Dadu continued to serve the tea company after the end of Japanese occupation. Later he moved to Calcutta (now Kolkata) and established a private practice. He retired at the age of 75 and passed away of old age at 85, in 1980.


156 – The force behind my grandfather’s success

My grandparents, Bani and Radhika Karmakar . Bombay (now Mumbai). Maharashtra. 1972

My grandparents, Bani and Radhu Karmakar. Bombay. Maharashtra. December 1979

Image & Text contributed by Anuradha Karmakar, Mumbai

My Dida (grandmother in Bengali) Bani Karmakar (née Roy) was born on October 5, 1926 in Shologhor, Dacca District in erstwhile East Bengal. She had a rather impoverished childhood as the eldest child of a large family with three sisters, two brothers and a host of extended family members. She witnessed, at close quarters, the horrors of the Great Bengal Famine of 1943, where three million people perished.

Dida did not have much of a formal education as she was married off in 1944, at the age of 17 to Radhika Jiban Karmakar, a soft-spoken 28-year-old man from Gramwari, Dacca (now Dhaka). Radhika Jiban left home at the age of 16, worked in the Calcutta Film Industry as a lab technician and also learnt photography from Jatin Das, a well-known photographer in Calcutta (now Kolkata). He then migrated with Das to Bombay in 1940, leaving behind a young wife in East Bengal with his family, where their first daughter, Sudevi was born in October 1947. The horrors of the communal massacres during 1946-1947 were witnessed by Bani, as also during one harsh monsoon, the swollen river Padma, changed course and devoured houses and paddy fields, the only source of sustenance for many. These two unfortunate events forced the mass exodus of many Bengalis seeking refuge and the Karmakars were among the millions who were forced to leave everything behind in 1948, many of whom migrated to West Bengal.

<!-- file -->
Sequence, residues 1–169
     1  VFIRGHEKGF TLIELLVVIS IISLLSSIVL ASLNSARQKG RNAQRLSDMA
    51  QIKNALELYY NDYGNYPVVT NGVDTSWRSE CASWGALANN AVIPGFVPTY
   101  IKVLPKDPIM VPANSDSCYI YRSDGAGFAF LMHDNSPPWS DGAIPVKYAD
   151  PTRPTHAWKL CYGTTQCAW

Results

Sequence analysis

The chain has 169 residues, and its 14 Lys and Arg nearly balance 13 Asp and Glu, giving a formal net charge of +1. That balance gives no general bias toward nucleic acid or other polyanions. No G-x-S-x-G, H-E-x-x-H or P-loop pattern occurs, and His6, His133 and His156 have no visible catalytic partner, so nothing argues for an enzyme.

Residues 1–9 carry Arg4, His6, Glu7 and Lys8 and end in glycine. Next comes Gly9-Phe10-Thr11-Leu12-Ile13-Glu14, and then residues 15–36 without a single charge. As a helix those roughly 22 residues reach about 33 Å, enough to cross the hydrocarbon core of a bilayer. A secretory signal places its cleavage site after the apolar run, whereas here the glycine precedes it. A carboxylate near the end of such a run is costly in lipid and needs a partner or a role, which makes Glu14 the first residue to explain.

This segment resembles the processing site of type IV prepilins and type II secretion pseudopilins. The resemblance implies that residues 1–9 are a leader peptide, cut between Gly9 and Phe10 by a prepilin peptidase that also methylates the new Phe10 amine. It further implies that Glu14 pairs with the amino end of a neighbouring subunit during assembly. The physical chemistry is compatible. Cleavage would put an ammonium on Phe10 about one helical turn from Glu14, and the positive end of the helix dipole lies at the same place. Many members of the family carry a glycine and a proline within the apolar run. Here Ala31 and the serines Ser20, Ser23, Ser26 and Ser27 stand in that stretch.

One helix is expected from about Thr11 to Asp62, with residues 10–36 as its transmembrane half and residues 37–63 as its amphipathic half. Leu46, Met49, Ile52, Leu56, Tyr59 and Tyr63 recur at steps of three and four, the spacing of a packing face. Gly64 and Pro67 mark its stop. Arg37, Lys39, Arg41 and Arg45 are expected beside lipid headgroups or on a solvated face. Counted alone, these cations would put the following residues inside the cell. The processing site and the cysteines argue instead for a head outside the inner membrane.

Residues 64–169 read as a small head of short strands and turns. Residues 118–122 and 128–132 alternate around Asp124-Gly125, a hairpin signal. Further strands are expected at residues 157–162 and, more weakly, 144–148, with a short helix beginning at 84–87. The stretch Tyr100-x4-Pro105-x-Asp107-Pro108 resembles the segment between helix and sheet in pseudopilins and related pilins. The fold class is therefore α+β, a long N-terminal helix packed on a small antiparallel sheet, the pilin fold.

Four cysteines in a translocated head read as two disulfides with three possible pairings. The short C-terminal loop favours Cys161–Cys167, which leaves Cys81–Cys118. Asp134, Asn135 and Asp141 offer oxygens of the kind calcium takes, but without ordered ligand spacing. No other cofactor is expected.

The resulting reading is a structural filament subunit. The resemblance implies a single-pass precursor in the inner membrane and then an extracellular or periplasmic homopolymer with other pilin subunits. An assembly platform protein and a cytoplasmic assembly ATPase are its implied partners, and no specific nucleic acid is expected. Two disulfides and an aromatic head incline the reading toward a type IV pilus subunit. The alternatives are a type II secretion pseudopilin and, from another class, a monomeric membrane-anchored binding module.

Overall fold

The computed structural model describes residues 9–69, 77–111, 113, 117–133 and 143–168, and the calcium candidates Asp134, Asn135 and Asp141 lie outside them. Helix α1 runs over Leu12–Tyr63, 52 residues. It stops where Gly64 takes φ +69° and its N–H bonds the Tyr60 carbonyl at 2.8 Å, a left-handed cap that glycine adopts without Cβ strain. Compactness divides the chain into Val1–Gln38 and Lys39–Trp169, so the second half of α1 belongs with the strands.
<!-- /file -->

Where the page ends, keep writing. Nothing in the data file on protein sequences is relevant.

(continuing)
After a short stay in West Bengal, Bani found herself joining her cinematographer husband in the hustle and bustle of Bombay, which was to be their new home in 1949. They stayed in modest houses in Andheri and Sion where their four younger children; Radha, Krishna Gopal, Meera and Brojo Gopal, were born. From a small village to living in Bombay, without much support and a growing family with a host of relatives, was a tough task for the young mother, which she handled to the best of her abilities.